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Senate passes popular tax cuts
Here's how they would affect you ... if they end up making it into law.
November 18, 2005: 12:55 PM EST
By Jeanne Sahadi, senior writer
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NEW YORK ( - The Senate early Friday morning passed a $60 billion tax bill that includes extensions for a number of popular tax breaks.

The Senate passage, however, doesn't guarantee the provisions will make it into 2006 law. The House has yet to vote on a competing tax bill that differs from the Senate version in significant ways. And the two bodies will have to reconcile their bills into one final piece of legislation.

For one thing, the House bill calls for an extension of the reduced rates on capital gains and dividends through 2010. The Senate bill originally called for a one-year extension of those rates, but Senate Finance Committee Chairman Charles Grassley (R-Iowa) scrapped the measure when it became clear he couldn't get a majority of votes on his committee.

The extension for the rates, which don't expire until 2008, would come at a time when lawmakers want to reduce the deficit and have proposed doing so in part by curbing spending increases for programs that target low-income Americans. Critics of the provision argue the investment tax break primarily benefits upper-income taxpayers.

Those in favor of the measure contend that the reduced rates have spurred economic growth and are needed to create certainty in capital markets. Republican lawmakers who support the measure publicly express confidence that any final legislation will include the rate extension.

The Senate and House bills also differ when it comes to extending relief for millions of taxpayers who might get caught unfairly by the alternative minimum tax (AMT). The Senate bill calls for AMT relief, but the House bill does not. If the two bodies decide not to include it in the final tax reconciliation package, it is possible lawmakers will decide to provide AMT relief in other legislation since it has broad support.

Beyond that, there are provisions in the Senate bill that are likely to garner bipartisan support, many of which are included in the House version, although some of the time periods differ.

Here's a look at what some of the Senate provisions would mean to you.

AMT relief: The bill calls for increased income exemption levels in the Alternative Minimum Tax (AMT), which was originally created to insure the wealthy don't escape their tax burdens.

The provision will prevent an additional 17 million U.S. taxpayers from getting caught by the tax in 2006. This year, about 4 million taxpayers are expected to have to pay the AMT, which is a larger tax bill than they would owe under the regular income tax system.

This "patch" as it's called would reduce federal revenue by an estimated $28.8 billion over five years.

State and local sales tax deduction: The bill calls for this deduction to be extended for one more year. Currently it is in place only for tax years 2004 and 2005.

It gives taxpayers the option on their federal return of deducting either what they paid in state and local income tax or what they paid in state and local sales taxes, whichever is higher.

This provision has been of greatest advantage to taxpayers who live in the handful of states that don't impose an income tax and to those who live in states with high sales taxes and relatively low income taxes.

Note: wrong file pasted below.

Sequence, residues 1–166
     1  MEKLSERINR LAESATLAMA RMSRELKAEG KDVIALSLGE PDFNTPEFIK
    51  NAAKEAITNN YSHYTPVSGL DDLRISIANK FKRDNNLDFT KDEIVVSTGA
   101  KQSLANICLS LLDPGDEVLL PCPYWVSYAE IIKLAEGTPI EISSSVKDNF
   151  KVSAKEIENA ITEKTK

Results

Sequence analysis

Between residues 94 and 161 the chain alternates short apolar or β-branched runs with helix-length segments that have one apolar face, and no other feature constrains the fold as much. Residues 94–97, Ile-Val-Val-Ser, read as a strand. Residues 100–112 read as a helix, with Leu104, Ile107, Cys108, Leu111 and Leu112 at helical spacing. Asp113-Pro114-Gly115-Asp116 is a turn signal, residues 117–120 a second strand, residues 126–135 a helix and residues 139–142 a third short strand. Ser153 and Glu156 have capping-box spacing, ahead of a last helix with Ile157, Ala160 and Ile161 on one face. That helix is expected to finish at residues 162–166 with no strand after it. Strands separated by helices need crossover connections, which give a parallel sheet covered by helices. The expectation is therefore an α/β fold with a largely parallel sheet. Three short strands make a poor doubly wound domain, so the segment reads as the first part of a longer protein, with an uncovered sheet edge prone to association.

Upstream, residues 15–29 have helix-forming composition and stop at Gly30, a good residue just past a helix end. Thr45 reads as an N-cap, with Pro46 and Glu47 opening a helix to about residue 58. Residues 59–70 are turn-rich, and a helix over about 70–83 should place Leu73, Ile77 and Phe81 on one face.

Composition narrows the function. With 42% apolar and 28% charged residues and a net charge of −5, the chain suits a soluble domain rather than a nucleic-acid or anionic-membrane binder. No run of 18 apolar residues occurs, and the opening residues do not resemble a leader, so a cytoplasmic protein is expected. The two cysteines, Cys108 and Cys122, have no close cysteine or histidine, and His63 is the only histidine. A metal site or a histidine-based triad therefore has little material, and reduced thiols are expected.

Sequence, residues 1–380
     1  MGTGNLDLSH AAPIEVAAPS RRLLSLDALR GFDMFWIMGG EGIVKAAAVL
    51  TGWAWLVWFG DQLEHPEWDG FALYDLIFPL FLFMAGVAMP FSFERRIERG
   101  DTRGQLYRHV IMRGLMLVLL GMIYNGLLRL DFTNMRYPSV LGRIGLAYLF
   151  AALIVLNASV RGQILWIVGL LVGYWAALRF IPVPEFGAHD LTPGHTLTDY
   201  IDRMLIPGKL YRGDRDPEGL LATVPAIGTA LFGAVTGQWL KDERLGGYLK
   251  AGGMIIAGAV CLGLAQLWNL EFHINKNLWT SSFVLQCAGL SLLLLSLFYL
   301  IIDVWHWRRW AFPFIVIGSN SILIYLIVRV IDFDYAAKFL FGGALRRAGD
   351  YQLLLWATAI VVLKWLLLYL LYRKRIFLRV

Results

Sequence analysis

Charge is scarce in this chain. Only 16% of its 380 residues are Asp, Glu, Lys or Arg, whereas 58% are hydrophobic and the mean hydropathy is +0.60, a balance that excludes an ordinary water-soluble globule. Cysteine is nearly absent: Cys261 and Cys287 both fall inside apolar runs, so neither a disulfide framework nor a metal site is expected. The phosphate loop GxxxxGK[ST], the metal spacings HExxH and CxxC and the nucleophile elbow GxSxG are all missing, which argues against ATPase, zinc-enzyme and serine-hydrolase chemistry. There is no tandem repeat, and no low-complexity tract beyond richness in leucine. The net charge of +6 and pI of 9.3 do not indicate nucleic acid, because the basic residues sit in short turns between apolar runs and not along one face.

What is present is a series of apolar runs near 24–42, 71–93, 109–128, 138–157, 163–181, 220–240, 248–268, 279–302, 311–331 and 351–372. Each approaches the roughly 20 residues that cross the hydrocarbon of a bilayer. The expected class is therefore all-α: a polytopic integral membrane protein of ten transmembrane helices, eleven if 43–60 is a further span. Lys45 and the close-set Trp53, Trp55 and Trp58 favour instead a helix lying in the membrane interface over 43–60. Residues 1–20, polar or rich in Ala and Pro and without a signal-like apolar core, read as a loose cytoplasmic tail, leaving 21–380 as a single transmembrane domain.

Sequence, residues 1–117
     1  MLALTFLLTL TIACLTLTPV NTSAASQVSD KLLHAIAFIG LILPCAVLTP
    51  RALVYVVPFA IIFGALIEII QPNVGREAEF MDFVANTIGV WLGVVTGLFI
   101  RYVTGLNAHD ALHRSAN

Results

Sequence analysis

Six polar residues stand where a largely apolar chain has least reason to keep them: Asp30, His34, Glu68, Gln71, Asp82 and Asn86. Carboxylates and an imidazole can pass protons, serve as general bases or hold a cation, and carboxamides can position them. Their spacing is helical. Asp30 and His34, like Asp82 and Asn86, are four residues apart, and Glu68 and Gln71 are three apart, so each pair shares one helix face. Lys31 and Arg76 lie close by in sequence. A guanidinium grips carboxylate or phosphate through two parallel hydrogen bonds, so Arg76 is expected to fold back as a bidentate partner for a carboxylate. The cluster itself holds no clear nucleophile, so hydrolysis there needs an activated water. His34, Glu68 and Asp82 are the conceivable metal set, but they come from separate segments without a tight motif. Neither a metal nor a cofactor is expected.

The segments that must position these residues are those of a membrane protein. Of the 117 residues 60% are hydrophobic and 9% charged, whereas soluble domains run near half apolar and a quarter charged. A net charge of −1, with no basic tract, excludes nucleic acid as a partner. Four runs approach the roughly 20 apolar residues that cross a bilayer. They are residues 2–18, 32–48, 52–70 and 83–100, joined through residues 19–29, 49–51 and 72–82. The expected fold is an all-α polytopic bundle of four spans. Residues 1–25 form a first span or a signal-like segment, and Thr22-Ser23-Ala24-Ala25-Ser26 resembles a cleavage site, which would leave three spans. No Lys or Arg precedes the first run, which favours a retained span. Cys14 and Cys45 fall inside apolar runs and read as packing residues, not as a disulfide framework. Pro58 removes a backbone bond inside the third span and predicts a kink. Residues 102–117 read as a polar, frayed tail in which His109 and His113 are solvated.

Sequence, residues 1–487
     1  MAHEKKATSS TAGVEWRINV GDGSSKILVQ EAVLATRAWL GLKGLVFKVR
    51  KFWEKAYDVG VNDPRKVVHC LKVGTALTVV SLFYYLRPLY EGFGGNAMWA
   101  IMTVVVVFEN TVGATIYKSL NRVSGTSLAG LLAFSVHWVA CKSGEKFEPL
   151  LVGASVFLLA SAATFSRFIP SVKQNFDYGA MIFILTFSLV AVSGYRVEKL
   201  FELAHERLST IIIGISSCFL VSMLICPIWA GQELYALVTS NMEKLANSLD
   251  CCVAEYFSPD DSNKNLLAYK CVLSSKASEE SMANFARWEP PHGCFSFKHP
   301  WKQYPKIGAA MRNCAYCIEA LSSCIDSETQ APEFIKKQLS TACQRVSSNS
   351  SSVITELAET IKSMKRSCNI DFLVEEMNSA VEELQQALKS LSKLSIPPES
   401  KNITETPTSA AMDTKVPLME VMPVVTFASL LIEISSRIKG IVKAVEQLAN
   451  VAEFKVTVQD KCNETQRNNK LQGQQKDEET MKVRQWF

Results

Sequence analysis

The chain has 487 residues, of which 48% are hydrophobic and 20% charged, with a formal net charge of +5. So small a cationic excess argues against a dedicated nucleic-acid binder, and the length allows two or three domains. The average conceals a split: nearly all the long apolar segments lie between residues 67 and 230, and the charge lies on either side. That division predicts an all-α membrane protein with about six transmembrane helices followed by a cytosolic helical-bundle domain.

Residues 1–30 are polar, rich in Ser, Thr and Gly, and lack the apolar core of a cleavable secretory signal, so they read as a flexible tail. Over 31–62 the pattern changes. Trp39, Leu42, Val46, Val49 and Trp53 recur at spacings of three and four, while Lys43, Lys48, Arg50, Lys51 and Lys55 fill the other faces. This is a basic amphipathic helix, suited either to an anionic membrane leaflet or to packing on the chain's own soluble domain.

This extension would reduce federal revenue by an estimated $2.6 billion over five years.

Tuition deduction: Currently in place for tax years 2002 through 2005, this provision would be extended through 2010 under the bill. It is an above-the-line deduction for qualified higher education expenses, meaning it can be taken even if you don't itemize deductions on your federal return.

The deduction may be taken on a maximum of $4,000 in tuition and fees for taxpayers with adjusted gross income (AGI) of $65,000 or less ($130,000 for married couples) or $2,000 for taxpayers with AGIs of $80,000 or less ($160,000 for married couples).

The tuition deduction may not be taken for expenses for which you are claiming an education credit (e.g., the HOPE or lifetime learning credits). You must choose one or the other if you qualify for both.

Extending the tuition deduction would reduce federal revenue by an estimated $7.4 billion over five years.

Savers credit: Through 2006, low-income taxpayers may receive a credit (a dollar-for-dollar reduction of the taxes they owe) for contributions they make up to $2,000 to qualified retirement savings plans such as 401(k)s, 403(b)s as well as traditional and Roth IRAs. The Senate bill would extend this provision through the end of 2009.

The credit is available only to those taxpayers with AGIs of $25,000 or less ($50,000 or less for married couples).

The move would reduce federal revenue by an estimated $4.1 billion over five years.

Charitable deduction for non-itemizers: For taxpayers who make cash donations to charities but don't itemize on their federal return, the bill calls for cash donations to be deductible, assuming they are over $210 for single filers ($420 for married couples filing jointly). The deduction would also be available to itemizers.

This deduction would reduce federal revenue by an estimated $2 million over five years.


Read about other elements in the Senate tax bill, including a $5 billion tax on big oil companies and other measures to help rebuild regions devastated by hurricanes.

Also, the House early Friday morning narrowly passed a highly controversial $50 billion deficit-reduction package. For more, click here.  Top of page

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